Marin Ireland stars in this fearless look at life after prison.
Let's cut to the chase: Tony nominee Marin Ireland is sensational in Kill Floor. In Abe Koogler's drama at LCT3's Claire Tow Theater, Ireland plays a woman struggling to get her life back together after being released from prison. Her performance is as raw as a bloody side of beef, and so too is the play, a solid gut-punch brought to unflinching life by director Lila Neugebauer.
Andy (Ireland) has just finished serving five years at a correctional facility and is suddenly plopped back into a world that she doesn't recognize. In an effort to create some semblance of normalcy, she rents a dank apartment and gets hired by an old high school classmate (Danny McCarthy) to work, for $12 an hour, on the kill floor assembly line at a slaughterhouse.
She's also trying to repair her fractured relationship with her son, B (Nicholas L. Ashe). B (short for Brendan) is 15 now, and he no longer resembles the youngster she knew before she did time. His tastes have completely changed; no longer a videogame player, he's become a voracious reader. He's also a vegan now, a concept that Andy, with her truly gruesome job, can't wrap her head around. The world has left Andy behind, and she's just struggling to catch up.
In many ways, we can tell that Kill Floor is Koogler's first professionally produced play. Structurally, it has too many subplots (involving characters played by Natalie Gold and Samuel H. Levine) that could use some smoothing. The text itself stops as it reaches its denouement instead of coming to an organic ending, as if Koogler doesn't know where to go. And his dialogue has a tendency to veer into half and unfinished sentences, reminiscent of a David Mamet play. That's a shame since the script is otherwise so fresh. However, Kill Floor is a dream come true for actors, featuring meaty conflicts and two-character scenes that are both tender and pungent.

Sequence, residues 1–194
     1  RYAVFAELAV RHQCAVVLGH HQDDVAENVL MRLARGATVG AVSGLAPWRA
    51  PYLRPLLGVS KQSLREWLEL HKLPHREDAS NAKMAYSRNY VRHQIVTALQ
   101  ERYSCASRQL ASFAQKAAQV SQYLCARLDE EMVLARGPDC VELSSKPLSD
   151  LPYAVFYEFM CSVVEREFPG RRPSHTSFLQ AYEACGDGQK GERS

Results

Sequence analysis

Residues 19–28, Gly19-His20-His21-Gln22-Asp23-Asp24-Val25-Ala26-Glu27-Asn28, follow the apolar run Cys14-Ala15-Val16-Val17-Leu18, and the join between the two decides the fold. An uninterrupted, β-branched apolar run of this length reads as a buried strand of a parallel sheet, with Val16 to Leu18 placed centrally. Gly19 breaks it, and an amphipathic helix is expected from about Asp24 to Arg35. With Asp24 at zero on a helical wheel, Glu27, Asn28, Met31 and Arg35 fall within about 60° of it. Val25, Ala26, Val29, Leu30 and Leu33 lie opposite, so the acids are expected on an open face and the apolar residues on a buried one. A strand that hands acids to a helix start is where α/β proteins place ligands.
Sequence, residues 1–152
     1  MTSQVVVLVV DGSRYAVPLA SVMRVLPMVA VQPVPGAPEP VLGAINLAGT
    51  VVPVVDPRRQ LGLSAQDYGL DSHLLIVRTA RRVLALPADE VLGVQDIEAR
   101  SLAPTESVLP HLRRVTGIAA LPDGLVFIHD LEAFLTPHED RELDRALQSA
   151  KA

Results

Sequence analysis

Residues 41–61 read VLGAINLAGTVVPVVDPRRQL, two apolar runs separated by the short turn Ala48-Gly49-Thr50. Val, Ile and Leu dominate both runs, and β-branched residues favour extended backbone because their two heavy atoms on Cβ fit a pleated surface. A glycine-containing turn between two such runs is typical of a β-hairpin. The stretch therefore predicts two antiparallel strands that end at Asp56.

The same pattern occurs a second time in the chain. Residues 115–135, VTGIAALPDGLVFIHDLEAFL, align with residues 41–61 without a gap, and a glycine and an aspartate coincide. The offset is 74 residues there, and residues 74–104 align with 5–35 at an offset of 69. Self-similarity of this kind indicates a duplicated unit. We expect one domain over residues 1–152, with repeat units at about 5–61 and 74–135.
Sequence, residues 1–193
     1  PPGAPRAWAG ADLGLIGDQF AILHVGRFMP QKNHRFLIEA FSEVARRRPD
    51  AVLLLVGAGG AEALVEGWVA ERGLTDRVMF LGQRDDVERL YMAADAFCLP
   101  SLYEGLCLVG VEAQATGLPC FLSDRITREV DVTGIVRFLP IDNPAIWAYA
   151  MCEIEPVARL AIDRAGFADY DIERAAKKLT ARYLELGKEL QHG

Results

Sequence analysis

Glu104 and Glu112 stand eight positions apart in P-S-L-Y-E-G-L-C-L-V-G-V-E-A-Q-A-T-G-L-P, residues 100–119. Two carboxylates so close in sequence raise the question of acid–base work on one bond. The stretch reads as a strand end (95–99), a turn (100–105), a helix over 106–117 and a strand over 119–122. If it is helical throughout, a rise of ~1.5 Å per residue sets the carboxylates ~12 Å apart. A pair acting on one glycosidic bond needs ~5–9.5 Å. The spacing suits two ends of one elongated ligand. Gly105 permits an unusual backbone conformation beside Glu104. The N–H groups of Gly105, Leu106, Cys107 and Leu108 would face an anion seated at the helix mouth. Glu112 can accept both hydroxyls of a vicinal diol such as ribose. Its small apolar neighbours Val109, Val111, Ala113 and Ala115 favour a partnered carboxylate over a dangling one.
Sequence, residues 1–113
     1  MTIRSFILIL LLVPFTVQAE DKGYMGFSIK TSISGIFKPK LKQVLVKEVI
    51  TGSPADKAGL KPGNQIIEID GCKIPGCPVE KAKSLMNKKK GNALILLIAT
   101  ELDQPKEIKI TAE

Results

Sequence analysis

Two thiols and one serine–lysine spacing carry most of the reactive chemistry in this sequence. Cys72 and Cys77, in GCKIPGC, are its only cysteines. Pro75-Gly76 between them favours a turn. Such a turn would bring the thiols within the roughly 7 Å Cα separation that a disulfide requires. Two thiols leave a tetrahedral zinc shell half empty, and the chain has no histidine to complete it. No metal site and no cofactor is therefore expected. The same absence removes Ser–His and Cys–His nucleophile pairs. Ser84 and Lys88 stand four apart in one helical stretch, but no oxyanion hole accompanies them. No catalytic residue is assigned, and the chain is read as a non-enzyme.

Neugebauer's laser-sharp production fits its cast and creative team like gloves. McCarthy is an awkward delight as Andy's boss, Rick, who admits that he doesn't remember her, yet feels a spark set aflame the second they lay eyes on each other. Gold is filled with compassion as Sarah, a woman Andy befriends in the supermarket. Levine is a hoot as Simon, a white, would-be rapper who starts experimenting sexually with B. Daniel Zimmerman provides a wide-open set, but with Ben Stanton's lighting, the experience feels as cramped as a prison cell.
This claustrophobia goes a long way in helping Ashe and Ireland develop B and Andy's relationship. Ashe brings great pain and nuance to his performance as a teenager faced with the tough decision of whether he should let his unpredictable mother back into his confusing, hormone-filled universe. And with Ireland portraying his volatile mom, he really does have to think twice. She is simply magnificent as Andy, imbuing her with undeniable warmth that disappears in a blink and turns into frightening explosiveness. It's a gutsy, brutal, fearless performance from one of New York's most indispensable actresses in a riveting, edge-of-your seat play by a writer worth keeping an eye on.